I had no real intentions of owning a Toyota Blade Master.
But this isn’t unusual.
I seldom plan to own any of the assorted automotive oddities that occupy space in my garage, shed, driveway, other shed… Or wherever else I can fit them. They just happen as a side effect of importing cars for a living.
You’re looking through auction listings matching clients to cars, and you spot something you might want for yourself. So you mark it, and continue with your business.
That car’s auction day comes, and you spot it again.
“Maybe I’ll ask the guys to check it out, but only if they have time”. You say.
The guys have time. They check it out.
“Hey, its actually pretty good. Needs a detail, but it’s straight and honest. I don’t really need it… Maybe I’ll throw a low bid on and see if get lucky”. You say.
You get lucky. You win the car.
“Well, shit”. You say.
This happens once every couple of months if you’re an excitable manchild with incredibly poor impulse control… Which I very much am.
So now, you need to perform some spectacular mental gymnastics in order to justify the purchase.
I live in far north Queensland, but I’m in Brisbane quite a lot. Having another car there would be very handy.
The Blade would become my sensible city hatchback.
Yeah, that’ll do. Stick it on a boat.
Fast forward a wee bit, the boat arrives and the Blade is delivered to the compliance workshop. I go down to check it out, armed with many weeks worth of incrementally increasing enthusiasm to match its many layers of dust and dirt accumulated on its long journey. I am nonetheless quite excited about owning and experiencing this very obscure, very rare little nugget of a car.
So what exactly is a Blade Master anyway?
In short: A Corolla with a stonking great 3.5 litre V6 crammed under its stumpy little bonnet.
The same ubiquitous 2GRFE V6 you’ll find shoved into many other Toyotas, from the Camry and Aurion to the Tarago, Kluger and RAV4.
Lotus also chose it as the base engine for the Evora and Emira.
In the Blade, its tuned to around 220kW, and has a 6 speed auto with flappypaddles on the steering wheel.
Yup, that’s right. Three hundred freakin’ horsepower in a front wheel drive only Corolla. Hooooly shit.
So you can understand the excitement. I absolutely needed to give this thing a go.
With the compliance work performed and processed, it was ready for Rego.
Bizarrely, PPQ wouldn’t approve my plate caption, which I’m still bitter about. Such a beautiful meme opportunity, wasted. GRE156 is the chassis prefix for the V6 Blade. Yes I am that basic.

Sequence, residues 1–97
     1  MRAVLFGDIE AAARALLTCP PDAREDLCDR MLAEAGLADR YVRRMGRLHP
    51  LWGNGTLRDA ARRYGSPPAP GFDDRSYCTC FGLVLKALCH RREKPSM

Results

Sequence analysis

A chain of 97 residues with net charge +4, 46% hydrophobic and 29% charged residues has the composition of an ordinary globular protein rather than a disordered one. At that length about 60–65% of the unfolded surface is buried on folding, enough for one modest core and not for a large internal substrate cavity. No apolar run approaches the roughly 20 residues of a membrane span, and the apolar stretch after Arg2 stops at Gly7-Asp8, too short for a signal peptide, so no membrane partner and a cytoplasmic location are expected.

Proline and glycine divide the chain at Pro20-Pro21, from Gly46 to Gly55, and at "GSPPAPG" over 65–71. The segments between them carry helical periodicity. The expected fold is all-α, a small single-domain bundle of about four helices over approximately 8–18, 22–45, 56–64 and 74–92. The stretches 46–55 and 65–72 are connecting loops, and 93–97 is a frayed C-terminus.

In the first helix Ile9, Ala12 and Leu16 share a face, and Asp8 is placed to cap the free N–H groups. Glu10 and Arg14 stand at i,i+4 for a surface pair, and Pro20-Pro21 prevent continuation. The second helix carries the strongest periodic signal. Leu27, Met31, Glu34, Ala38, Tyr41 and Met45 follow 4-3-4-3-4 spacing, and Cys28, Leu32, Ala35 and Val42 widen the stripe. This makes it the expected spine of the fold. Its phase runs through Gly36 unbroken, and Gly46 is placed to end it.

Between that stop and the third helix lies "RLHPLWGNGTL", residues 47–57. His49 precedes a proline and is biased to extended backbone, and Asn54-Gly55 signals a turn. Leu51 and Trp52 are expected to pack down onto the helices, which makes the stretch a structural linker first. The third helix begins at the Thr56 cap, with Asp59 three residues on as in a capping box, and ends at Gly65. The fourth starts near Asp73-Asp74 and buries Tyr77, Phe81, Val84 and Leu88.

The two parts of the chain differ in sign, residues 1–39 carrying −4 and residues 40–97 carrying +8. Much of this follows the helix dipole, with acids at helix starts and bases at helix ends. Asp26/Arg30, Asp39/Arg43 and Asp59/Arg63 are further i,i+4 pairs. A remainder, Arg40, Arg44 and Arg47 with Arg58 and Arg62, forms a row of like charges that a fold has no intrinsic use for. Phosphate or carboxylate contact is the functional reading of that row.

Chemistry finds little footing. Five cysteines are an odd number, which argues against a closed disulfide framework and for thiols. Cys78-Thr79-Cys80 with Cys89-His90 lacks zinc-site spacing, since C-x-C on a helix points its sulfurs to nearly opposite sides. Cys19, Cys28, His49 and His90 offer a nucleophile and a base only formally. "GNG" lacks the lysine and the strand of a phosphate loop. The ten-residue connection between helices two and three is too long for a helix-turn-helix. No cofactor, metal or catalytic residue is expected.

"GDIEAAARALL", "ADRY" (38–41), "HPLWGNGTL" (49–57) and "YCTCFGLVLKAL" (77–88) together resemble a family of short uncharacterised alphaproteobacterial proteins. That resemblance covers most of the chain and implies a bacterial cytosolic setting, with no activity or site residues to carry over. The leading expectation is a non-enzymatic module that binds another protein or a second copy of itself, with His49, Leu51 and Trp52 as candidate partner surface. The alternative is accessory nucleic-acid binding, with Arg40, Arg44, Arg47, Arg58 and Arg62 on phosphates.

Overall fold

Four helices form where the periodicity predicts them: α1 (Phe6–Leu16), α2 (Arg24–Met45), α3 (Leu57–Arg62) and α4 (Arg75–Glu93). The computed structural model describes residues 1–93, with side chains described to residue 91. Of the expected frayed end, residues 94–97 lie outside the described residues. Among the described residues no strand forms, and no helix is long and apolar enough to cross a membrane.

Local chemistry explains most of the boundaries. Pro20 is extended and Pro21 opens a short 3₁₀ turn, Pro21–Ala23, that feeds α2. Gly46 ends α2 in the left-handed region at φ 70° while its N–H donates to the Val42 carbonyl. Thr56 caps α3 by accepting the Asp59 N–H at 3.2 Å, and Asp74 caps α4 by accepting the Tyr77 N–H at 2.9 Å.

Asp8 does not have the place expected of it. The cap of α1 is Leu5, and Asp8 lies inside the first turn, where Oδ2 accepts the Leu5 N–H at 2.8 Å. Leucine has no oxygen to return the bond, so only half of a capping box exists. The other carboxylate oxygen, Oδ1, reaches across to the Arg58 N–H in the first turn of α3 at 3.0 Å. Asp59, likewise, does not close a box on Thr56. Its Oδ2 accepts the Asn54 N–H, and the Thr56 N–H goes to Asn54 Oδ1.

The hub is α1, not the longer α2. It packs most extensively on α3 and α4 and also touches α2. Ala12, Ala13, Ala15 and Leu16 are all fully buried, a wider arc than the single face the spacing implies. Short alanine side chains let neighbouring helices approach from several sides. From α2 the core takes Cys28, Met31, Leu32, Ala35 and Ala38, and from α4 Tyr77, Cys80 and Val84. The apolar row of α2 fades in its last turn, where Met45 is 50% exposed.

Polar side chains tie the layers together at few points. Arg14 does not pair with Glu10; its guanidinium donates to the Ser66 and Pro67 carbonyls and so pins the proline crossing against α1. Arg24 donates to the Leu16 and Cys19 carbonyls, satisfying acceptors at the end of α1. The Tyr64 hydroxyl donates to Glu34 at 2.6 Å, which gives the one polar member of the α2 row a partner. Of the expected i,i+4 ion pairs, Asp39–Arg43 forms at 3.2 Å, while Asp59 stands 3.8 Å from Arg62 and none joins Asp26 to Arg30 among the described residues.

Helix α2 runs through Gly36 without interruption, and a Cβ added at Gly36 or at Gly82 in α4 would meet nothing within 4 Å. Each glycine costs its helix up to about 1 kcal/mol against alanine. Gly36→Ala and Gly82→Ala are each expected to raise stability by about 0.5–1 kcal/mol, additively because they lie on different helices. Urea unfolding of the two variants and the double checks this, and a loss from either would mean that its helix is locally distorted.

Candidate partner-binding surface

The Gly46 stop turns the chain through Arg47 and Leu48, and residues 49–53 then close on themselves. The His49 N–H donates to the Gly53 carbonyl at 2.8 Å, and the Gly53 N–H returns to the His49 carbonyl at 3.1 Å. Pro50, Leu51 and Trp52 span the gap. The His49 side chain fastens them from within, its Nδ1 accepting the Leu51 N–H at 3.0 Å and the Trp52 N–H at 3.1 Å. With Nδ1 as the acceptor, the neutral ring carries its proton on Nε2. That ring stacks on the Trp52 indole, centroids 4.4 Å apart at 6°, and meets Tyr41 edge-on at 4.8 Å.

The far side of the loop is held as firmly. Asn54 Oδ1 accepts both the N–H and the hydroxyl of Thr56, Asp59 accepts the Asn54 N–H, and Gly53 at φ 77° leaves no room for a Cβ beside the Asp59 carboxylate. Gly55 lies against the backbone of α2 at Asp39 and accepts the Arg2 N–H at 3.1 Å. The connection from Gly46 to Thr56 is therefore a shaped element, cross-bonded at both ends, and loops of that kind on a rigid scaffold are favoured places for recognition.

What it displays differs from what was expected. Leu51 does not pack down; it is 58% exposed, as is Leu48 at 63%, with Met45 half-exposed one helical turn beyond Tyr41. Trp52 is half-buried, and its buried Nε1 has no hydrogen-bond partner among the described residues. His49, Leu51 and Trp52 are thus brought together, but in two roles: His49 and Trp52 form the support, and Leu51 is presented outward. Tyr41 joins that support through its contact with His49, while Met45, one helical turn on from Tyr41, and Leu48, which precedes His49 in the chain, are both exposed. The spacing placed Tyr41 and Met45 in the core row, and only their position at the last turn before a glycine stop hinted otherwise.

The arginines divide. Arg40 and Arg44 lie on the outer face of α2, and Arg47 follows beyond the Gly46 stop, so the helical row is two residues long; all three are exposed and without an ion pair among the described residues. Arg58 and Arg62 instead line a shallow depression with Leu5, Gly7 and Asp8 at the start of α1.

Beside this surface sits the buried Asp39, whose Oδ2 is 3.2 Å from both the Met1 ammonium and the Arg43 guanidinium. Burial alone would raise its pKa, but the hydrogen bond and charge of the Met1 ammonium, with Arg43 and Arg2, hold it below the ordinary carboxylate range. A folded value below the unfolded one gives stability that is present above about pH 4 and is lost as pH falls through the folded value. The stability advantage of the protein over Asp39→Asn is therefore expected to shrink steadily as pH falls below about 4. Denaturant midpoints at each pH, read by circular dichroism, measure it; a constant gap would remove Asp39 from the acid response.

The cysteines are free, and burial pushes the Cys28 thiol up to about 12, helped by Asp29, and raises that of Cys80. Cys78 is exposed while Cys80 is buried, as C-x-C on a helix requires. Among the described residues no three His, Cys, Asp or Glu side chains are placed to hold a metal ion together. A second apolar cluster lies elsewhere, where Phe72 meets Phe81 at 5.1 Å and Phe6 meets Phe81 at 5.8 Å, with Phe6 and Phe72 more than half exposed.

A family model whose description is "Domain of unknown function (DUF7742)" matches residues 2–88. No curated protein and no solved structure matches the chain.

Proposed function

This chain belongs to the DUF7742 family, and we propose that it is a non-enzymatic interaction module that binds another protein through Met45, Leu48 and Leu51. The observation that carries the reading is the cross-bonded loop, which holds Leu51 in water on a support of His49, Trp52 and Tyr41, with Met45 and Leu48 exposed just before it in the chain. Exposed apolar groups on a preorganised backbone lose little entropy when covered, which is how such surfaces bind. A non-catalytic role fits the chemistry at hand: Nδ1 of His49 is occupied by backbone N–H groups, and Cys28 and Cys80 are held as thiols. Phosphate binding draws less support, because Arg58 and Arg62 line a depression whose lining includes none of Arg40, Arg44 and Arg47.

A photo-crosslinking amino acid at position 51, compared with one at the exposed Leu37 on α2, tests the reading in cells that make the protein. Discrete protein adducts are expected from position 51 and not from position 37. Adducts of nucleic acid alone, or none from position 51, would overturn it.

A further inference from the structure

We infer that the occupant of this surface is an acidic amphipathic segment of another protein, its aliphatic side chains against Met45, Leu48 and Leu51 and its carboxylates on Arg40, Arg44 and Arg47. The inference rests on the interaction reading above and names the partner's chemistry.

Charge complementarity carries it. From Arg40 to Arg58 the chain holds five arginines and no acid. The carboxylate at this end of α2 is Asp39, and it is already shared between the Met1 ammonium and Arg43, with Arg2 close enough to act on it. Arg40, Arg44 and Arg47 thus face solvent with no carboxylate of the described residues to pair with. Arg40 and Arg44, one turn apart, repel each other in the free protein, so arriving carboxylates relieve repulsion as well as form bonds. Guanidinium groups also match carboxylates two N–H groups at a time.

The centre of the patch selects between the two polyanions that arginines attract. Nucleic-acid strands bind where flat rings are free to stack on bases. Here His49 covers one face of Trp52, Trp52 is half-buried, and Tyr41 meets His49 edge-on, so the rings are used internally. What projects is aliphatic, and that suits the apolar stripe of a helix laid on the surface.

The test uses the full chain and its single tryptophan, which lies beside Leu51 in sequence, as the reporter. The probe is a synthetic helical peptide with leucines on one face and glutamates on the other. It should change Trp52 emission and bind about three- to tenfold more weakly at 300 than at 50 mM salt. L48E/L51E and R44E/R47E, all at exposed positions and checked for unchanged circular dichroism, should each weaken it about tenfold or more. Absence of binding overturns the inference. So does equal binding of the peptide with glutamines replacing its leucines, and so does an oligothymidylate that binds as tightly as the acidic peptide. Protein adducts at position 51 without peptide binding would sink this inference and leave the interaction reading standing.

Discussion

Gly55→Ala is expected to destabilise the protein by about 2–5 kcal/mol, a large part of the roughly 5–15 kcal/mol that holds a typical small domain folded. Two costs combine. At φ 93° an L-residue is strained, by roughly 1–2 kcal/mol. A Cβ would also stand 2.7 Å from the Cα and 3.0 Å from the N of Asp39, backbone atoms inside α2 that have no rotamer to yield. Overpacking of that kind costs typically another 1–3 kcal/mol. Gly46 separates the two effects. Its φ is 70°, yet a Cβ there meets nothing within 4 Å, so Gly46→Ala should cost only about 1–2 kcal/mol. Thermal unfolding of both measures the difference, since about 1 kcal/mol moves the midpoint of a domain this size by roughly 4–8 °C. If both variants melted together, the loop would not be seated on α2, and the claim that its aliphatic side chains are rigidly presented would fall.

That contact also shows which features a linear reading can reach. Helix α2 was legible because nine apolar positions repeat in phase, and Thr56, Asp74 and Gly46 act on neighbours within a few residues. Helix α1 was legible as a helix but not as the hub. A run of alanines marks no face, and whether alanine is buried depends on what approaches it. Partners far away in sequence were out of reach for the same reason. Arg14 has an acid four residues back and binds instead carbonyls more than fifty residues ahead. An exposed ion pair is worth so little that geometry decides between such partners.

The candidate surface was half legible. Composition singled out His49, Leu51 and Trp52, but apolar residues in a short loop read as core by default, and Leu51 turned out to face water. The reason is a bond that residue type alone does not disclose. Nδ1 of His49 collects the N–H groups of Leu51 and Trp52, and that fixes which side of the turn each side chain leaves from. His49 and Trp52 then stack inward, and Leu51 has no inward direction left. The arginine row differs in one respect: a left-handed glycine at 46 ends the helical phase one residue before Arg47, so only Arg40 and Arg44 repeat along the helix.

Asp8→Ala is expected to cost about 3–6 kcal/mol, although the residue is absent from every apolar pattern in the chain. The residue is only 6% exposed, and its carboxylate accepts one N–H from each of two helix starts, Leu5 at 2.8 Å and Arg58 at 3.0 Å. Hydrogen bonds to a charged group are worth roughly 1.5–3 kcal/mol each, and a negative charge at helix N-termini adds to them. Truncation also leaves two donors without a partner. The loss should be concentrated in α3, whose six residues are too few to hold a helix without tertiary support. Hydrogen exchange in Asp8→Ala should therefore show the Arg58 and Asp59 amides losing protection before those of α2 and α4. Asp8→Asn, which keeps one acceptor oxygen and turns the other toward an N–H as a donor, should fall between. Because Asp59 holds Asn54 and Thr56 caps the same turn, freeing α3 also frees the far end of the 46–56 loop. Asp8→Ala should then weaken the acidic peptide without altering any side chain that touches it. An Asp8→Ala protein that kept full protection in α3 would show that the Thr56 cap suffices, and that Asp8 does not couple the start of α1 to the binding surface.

Anyway. Time to find out if it was worth it.
It was worth it 🙂
If you had to briefly summarise the performance characteristics, you could use the term ‘Onramp Specialist’. First gear is effectively redundant. Mashing the throttle into the firewall results in an epic battle between mechanical grip and the electronic torque limiter and traction control. Pushing that amount of torque through the two front wheels without computer assistance would be impossible. We were actually able to confirm this theory, through rigorous scientific testing. (We turned the traction control off and did big smoky burnouts)
What’s interesting is, simply burying the pedal isn’t the best way to make the car go fast.
If you’re clever, you can balance the throttle juuuust on the edge of where the electronic nannies start cutting in to ruin your fun. With this method and practice, you can bring the factory quoted 0-100 figure of 5.8 seconds down to under 5.
Staggering performance, for what is effectively just a Corolla.
Well, its no Golf GTi, or Focus ST. Hell, my old AE111 Trueno was quicker through the corners despite a 100kw deficit. But that’s not what the Blade is meant to do.
Nor is it a lead-tipped arrow, as you would expect. The 2GR V6 only weighs marginally more than the 4cyl engines, so its not as nose-heavy as you’d think. The Blade also has true IRS, instead of the beam axle arrangement of the local offerings. So its pretty good.
Despite the factory arrangement being perfectly adequate, I decided it would look much better with some low. By chance, I discovered Bilstein offer a full set of struts and shocks for the European market Auris, which would bolt straight in. So those were duly ordered (from Estonia!) along with a set of 40mm lower RSR springs from Japan.
The result was perfect.
Not too low, not too firm.
Now all we need is a set of wheels, which a quick drive to Toowoomba yielded in the form of some brand new RAV4 factory alloys. A marketplace find, the owner had swapped them off her brand new car for aftermarket wheels. Ideal.
A new set of tyres to suit the Blade’s rolling diameter and it was done.
So what now? Well, it served its purpose as a practical city car for a little while. It is effectively just a 5 door hatch, after all.
A nice, normal, unassuming Corolla… Officer.
That could’ve been the end of the story.
But then we were invited to a party… In Adelaide.
Continued in part 2, here